Fig. 4. Highly tilted Dirac fermions in the AC-patterned graphene. (a) Atomic structure of the AC-patterned graphene. The $sp^2$ carbons (orange) constitute the A–RA type chains. Bond lengths of C–X ($d_{\rm H}$) are 1.11, 1.44, 1.87, 2.22 Å and $sp^3$ carbon buckling heights ($\Delta z$) are 0.67, 0.63, 0.63, 0.53 Å for X = H, F, Cl, Br, respectively. [(b), (c)] Spinless band structures with density of states (DOS) of C$_{6}$Cl$_{2}$ and C$_{6}$F$_{2}$, respectively. In (b) and (c), the red (green) bands share $+$1 ($-1$) eigenvalues under $C_{2y}$ operation and total DOS (gray filled) near the Fermi level are mainly from $p_{z}$ orbitals of $sp^2$ carbons (blue filled). The left insets are real-space charge distribution near the Fermi level. VHS is short for van Hove singularity. (d)–(g) Spinless semi-infinite spectra of C$_{6}$Cl$_{2}$ periodic along $[11]$, C$_{6}$F$_{2}$ periodic along $[11]$, C$_{6}$Cl$_{2}$ periodic along $[\bar{1}1]$ and C$_{6}$F$_{2}$ periodic along $[\bar{1}1]$, respectively. In (f) and (g), two helical edge states are degenerate.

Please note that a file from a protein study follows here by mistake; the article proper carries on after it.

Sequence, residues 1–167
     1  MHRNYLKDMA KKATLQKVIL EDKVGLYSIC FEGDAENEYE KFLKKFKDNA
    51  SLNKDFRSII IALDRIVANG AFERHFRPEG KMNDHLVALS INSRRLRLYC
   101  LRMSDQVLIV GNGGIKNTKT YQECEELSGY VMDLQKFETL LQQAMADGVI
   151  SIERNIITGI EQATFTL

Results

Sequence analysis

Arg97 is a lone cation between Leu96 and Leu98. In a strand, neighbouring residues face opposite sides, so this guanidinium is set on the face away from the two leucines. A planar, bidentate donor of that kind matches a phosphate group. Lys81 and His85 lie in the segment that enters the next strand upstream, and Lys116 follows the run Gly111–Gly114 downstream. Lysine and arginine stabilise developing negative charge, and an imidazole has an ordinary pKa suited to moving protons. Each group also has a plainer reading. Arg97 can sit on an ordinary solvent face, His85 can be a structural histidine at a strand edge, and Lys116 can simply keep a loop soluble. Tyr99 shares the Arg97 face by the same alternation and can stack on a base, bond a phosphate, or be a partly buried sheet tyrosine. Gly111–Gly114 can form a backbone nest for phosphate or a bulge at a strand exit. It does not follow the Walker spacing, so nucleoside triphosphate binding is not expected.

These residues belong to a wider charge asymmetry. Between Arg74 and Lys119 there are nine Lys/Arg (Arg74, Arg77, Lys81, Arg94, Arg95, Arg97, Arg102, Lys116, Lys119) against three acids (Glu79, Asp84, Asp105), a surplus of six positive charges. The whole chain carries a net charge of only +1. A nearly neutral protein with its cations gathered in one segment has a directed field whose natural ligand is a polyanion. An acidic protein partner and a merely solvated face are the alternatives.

Now, we propose material realization of the above CCM, namely a top-down nanopatterning process of graphene. Inspired by the fabrication of one-third hydrogenated graphene with long-range 1D AC patterns,[52] we devise a form of AC-patterned graphene in Fig. 4(a). One notices that the A–RA stacked $sp^2$ carbon ACs are staggered by $sp^3$ carbons. The unit formula of such AC-patterned graphene is C$_{6}$X$_{2}$ (X = H, F, Cl, Br). The lattice constants are 4.31, 4.30, 4.30, 4.31 Å for X = H, F, Cl, Br, respectively, and the lattice belongs to the layer group $C2/m$ with $C_{2y}$, $M_{xz}$ and $P$ operations. The phonon calculations confirm their dynamical stability (Fig. S10). Figures 4(b) and 4(c) (see also Fig. S9) show the band structures of AC-patterned graphene, obtained from first-principles calculations, which clearly illustrate the phase transition of Dirac fermions. In particular, Fig. 4(b) displays the spinless type-III Dirac fermion along the $\varGamma$–$M_{2}$ path for C$_{6}$Cl$_{2}$. One Dirac band branch is flat with a 13-meV bandwidth, leading to a van Hove singularity (VHS) in the density of states (DOS). The SOC opens a negligible gap of 2.0 meV. Figure 4(c) shows the type-II Dirac fermion for C$_{6}$F$_{2}$, and the Dirac point is $\sim $0.2 eV above the Fermi level. The manipulated Dirac states in the AC-patterned graphene are found to be robust when placed on an insulating substrates, such as BN (0001) (see Figs. S13 and S14). We also discovered the existence of type-II Dirac fermions in the AC-patterned silicene and strained germanene (Fig. S12). In addition, the first-principles results of AC-patterned graphene are well fitted by both CCM in Fig. S5 and maximally localized Wannier functions[53] in Fig. S11. The fitting parameters confirm quantitatively the phase diagram of CCM. For instance, the fitted parameters are $t_{2}=-0.54$ eV and $t_{3}=0.42$ eV for C$_{6}$F$_{2}$, which satisfy the $|t_{2}|>|t_{3}|$ condition for the type-II Dirac fermion. Next, we study the edge states of AC-patterned graphene. We first evaluate the topological descriptors (see Table S2). The spinless semimetal phase of AC-patterned graphene is featured with crossings of bands with opposite $C_{2y}$ eigenvalues. This gives rise to a nontrivial $\mathbb{Z}_{2} = 1$ and rotation invariant $\delta_{\rm r} = 1$ (as defined in Ref. [54]). Also, the 2D Zak phase[55] or electrical polarization[56] is calculated as $(p_{1}, p_{2}) = (0,1/2)$, indicating a fractional topological charge $e$/2 along $\varGamma$–$M_{2}$ path. The directional edge band structures and semi-infinite edge spectra of AC-patterned graphene are shown in Figs. 4(d)–4(g) and Figs. S17–S21. We have considered the periodic directions of $[10]$, $[11]$ and $[\bar{1}1]$ with different ribbon terminations. Here, we focus on the centrosymmetric ribbons along the $C_{2h}$ preserving $[11]$ and $[\bar{1}1]$ directions. Along the $[11]$ direction, two bulk Dirac cones of AC-patterned graphene are folded into the $\varGamma$ point. In Figs. 4(d) and 4(e) of edge spectra, the conduction band dispersion of C$_{6}$F$_{2}$ and C$_{6}$Cl$_{2}$ becomes parabolic with a U shape. Due to the existence of $e$/2 topological charge along $[\bar{1}1]$ direction, we observe two degenerate helical modes within the bulk states of C$_{6}$F$_{2}$ and C$_{6}$Cl$_{2}$ [Figs. 4(f) and 4(g)]. The helical modes come in pairs subjected to the $C_{2y}$ rotation symmetry. To further explore the transport properties of AC-patterned graphene, we calculate the static conductivity tensor using the Kubo–Bastin formula based on linear response theory:[57,58] $$\begin{alignat}{1} \sigma_{\alpha \beta }&(\mu,T)=\frac{ie^{2}\hslash }{\varOmega }\int_{\mathrm{-\infty }}^\infty d\varepsilon f(\varepsilon)\mathrm{\times Tr}\Big[ \nu_{\alpha }\delta (\varepsilon -H)\nu_{\beta}\\ &\cdot\frac{dG^{+}(\varepsilon,H)}{d\varepsilon} -\nu_{\alpha }\frac{dG^{-}(\varepsilon,H)}{d\varepsilon }\nu_{\beta }\delta (\varepsilon -H)\Big],~~ \tag {5} \end{alignat} $$ where $T$ is temperature, $\mu$ is chemical potential, $\varOmega$ is the volume of primitive cell, $\nu_{\alpha,\beta}$ is the velocity operator, $f(\varepsilon)$ is the Fermi–Dirac distribution and $G^{\pm} (\varepsilon,H) = [(\varepsilon - H \pm i\eta)]^{-1}$ are the advanced ($+$) and retarded ($-$) Green's functions. In Fig. 5, we compare the conductivities of AC-patterned graphene with graphene at 0 K. First, the coupled ACs display a larger longitudinal conductivity $\sigma_{xx}$ along the chain direction than graphene, while the “barrier” from $sp^3$ carbons in between the ACs limits the electron transport in the $y$-direction. The high anisotropy manifests a distinct quasi 1D electrical response in AC-patterned graphene. Second, there exist significant conductivity differences between type-I (graphene), tilted type-I (C$_{6}$H$_{2}$), type-III (C$_{6}$Cl$_{2}$) and type-II (C$_{6}$F$_{2}$) Dirac fermions. In particular, $\sigma_{xx}$ of C$_{6}$F$_{2}$ (C$_{6}$Cl$_{2}$) is as high as 21.9$\,e^{2}/h$ $(17.8\,e^{2}/h)$ at Fermi level, indicating that the highly tilted Dirac fermions endow C$_{6}$F$_{2}$ (C$_{6}$Cl$_{2}$) with metallic behavior, distinct from the semimetal graphene or C$_{6}$H$_{2}$. Consequently, C$_{6}$F$_{2}$ and C$_{6}$Cl$_{2}$ are promising for designing highly anisotropic quantum devices with $x$-directional transport and $y$-directional topological edge conductance.